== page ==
Transmission Gear: How to Replace It
Your car's transmission contains gears that assist in shifting your car to make it move faster. If your transmission starts to slip and your car won't start, then its gear might be replaced. Perhaps its dog teeth are already worn and your shifting is already compromised by it. Here are some steps you can follow to replace your transmission (first) gear.
Difficulty Level: Hard
What You'll Need
- Transmission gear replacement
- 2 muffler gaskets
- 30-millimeter deep socket
- 17-millimeter hex key
Step 1: Raise up the rear of your car with drive-up lift ramps. This is to avoid both wheels from turning if you lack an impact wrench for the job. The parking break alone isn't enough to prevent wheel turning when you're loosening up the expansion nut that holds your gear into place.
Step 2: Support the transmission and the engine. You need to disconnect the car's rear transmission mounts then place a jack stand under the transmission case (just near enough the engine-transmission assembly).
Step 3: Empty the gear oil out of the transmission. Use a 17-millimeter hex wrench and have an oil tray on standby as you remove the oil drain plug. Afterwards, remove the drain plug and filler for thorough cleaning.
Step 4: After emptying the transmission, disconnect the speedometer cable that's linked to the rear transmission cover. Disconnect the shift linkage too for safety's sake or don't place any force on it when disconnecting transmission mounts.
Step 5: Remove the muffler to gain access to the transmission rear. Check the muffler bracket and don't avoid putting pressure on your exhaust heat exchangers.
Step 6: After muffle removal, disconnect the ground strap and loosen to remove the two rear transmission nuts that hold the transmission onto your vehicle. Also remove the washers and nuts that fasten the transmission rear cover to the housing.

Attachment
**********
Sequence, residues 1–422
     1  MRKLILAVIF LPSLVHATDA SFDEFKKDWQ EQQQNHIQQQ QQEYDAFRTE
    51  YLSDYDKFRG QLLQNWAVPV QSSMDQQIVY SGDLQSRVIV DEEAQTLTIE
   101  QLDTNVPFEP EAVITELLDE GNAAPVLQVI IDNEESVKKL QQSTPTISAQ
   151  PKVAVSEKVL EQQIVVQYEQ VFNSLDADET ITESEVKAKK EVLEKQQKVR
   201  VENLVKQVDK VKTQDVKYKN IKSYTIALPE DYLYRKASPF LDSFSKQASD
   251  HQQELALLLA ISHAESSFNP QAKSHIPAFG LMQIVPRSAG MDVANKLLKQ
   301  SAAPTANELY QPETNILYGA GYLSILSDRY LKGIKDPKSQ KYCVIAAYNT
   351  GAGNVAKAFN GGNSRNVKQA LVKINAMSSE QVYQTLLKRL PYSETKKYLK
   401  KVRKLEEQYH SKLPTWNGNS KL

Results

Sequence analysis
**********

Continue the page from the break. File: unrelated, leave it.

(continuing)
Step 7: Make sure to avoid letting the intermediate plate from sliding off. After rear cover removal, be careful to not let the bearings and gears to fall out too. Also replace at least two of the nuts with spacers on the rear studs.
Step 8: Loosen the 13-millimeter bolt on the shift fork for removal from the shaft. Slide the slider off of the driver shaft and check its inner teeth if it's worn out.
Step 9: Remove the expansion bolt holding the first transmission gear with a 300-millimeter deep socket. This nut is connected to the differential and wheels.
Step 10: After removal of the bolt, the whole first gear assembly can be slid off of the drive shaft. Afterwards, replace it if the first gear has flat and worn dog teeth.
Step 11: After reassembling your first gear, install everything back in reverse order while taking note of the right torque specifications from your car's manual.
Step 12: Don't forget to refill your transmission with transmission fluid. After installation is done, take your car out for a spin and see if the new replacement gear holds up.
Automatic transmissions shift by itself while manual transmission makes use of gear shifts to give you more control when it comes to shifting from one gear to another. With that said, here's what you should do to replace your transmission gear. At any rate, you can easily see how labor-intensive it is to get to your transmission just to replace any one of its multiple gears (in this case, the first gear).